Silicon carbide is interesting for high power, high temperature and high frequency applications but its development is limited by the low quality and high cost of single-crystalline wafers. The transfer by wafer-bonding of single-crystalline SiC thin films to a polycrystalline SiC support is an attractive way for lowering the cost. This transfer requires high quality polycrystalline substrates fabricated with high growth rate, controlled morphology (columnar, dense, well-oriented layers), and very low surface roughness (RMS < 5 nm), to achieve tailored bulk properties.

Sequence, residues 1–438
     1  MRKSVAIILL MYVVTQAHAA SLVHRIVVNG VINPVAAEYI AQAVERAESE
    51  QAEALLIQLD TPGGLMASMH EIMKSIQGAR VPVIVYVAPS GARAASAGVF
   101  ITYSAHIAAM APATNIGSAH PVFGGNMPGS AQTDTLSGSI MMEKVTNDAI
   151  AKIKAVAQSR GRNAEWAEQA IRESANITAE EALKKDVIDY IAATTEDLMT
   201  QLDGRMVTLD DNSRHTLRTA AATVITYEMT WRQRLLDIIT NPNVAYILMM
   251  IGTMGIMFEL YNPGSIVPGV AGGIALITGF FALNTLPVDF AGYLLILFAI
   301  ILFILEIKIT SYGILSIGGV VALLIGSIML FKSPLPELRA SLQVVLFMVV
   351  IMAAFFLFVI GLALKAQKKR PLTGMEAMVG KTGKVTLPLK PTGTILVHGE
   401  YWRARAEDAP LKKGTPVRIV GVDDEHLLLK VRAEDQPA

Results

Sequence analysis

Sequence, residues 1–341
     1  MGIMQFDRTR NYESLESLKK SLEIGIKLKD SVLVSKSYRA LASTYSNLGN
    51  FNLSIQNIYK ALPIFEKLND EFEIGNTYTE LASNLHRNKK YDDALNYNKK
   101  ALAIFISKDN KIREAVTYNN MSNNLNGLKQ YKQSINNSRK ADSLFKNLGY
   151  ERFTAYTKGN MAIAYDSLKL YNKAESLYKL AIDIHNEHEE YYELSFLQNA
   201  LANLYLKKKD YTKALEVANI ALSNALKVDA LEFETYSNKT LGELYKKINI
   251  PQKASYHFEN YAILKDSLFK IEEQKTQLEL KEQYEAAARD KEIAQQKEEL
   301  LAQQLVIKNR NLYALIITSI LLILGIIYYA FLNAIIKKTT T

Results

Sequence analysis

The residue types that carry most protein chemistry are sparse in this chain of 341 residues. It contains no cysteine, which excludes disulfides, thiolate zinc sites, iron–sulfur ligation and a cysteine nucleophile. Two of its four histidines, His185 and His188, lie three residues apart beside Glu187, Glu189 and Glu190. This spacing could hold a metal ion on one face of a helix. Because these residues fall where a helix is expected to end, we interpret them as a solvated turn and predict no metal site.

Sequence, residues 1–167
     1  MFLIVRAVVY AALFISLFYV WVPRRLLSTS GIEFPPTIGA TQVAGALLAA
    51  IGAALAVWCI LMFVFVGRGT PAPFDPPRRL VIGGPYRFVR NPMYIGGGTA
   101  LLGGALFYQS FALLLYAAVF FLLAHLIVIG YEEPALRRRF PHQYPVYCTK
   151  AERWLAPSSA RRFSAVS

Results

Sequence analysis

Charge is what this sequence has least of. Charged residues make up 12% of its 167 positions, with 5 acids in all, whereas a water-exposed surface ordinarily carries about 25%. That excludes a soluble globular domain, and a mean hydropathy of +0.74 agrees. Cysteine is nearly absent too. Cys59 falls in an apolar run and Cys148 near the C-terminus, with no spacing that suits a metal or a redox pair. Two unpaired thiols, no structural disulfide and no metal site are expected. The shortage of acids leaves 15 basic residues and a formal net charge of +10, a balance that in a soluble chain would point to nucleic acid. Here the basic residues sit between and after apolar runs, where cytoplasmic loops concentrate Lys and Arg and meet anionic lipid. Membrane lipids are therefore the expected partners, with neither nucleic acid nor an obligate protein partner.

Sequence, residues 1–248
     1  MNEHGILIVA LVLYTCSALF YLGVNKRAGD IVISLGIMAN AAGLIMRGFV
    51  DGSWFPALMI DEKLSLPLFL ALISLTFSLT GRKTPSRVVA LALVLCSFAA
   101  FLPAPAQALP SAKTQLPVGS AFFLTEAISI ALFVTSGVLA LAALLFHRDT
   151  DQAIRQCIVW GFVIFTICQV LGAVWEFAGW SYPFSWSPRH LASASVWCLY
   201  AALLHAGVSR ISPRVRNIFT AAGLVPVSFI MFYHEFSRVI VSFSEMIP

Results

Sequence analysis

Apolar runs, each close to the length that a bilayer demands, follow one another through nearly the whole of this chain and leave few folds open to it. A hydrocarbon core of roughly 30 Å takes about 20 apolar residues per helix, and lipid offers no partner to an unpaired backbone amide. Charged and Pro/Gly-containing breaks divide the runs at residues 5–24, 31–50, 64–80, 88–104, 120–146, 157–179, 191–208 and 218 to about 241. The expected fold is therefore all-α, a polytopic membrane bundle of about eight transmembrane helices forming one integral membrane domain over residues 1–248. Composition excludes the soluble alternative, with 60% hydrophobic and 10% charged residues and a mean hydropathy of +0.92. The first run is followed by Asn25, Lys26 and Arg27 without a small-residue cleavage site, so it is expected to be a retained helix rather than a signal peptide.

Compared to the Physical Vapour Transport technique which is limited by the low number of process parameters (temperature, pressure, crucible design), high temperature Chemical Vapour Deposition represents an easier and more efficient way of controlling high growth rate, morphology, crystalline quality via the gas phase composition (Si/C ratio, supersaturation…) and temperature. Typical deposition conditions using methyltrichlorosilane (MTS) has been revisited at higher temperature (above 1500 °C) to achieve high growth rate. Advantages of chlorine system vs. organosilane system have been highlighted by thermodynamic calculations in the range of 1000–2000 °C. Thermodynamic and thermal simulations have been performed to describe the methyltrichlorosilane decomposition. Finally, bulk silicon carbide layers are synthesized between 1200 °C and 1600 °C at various H2/MTS ratios. The observed morphologies are correlated to calculated thermodynamic supersaturations.
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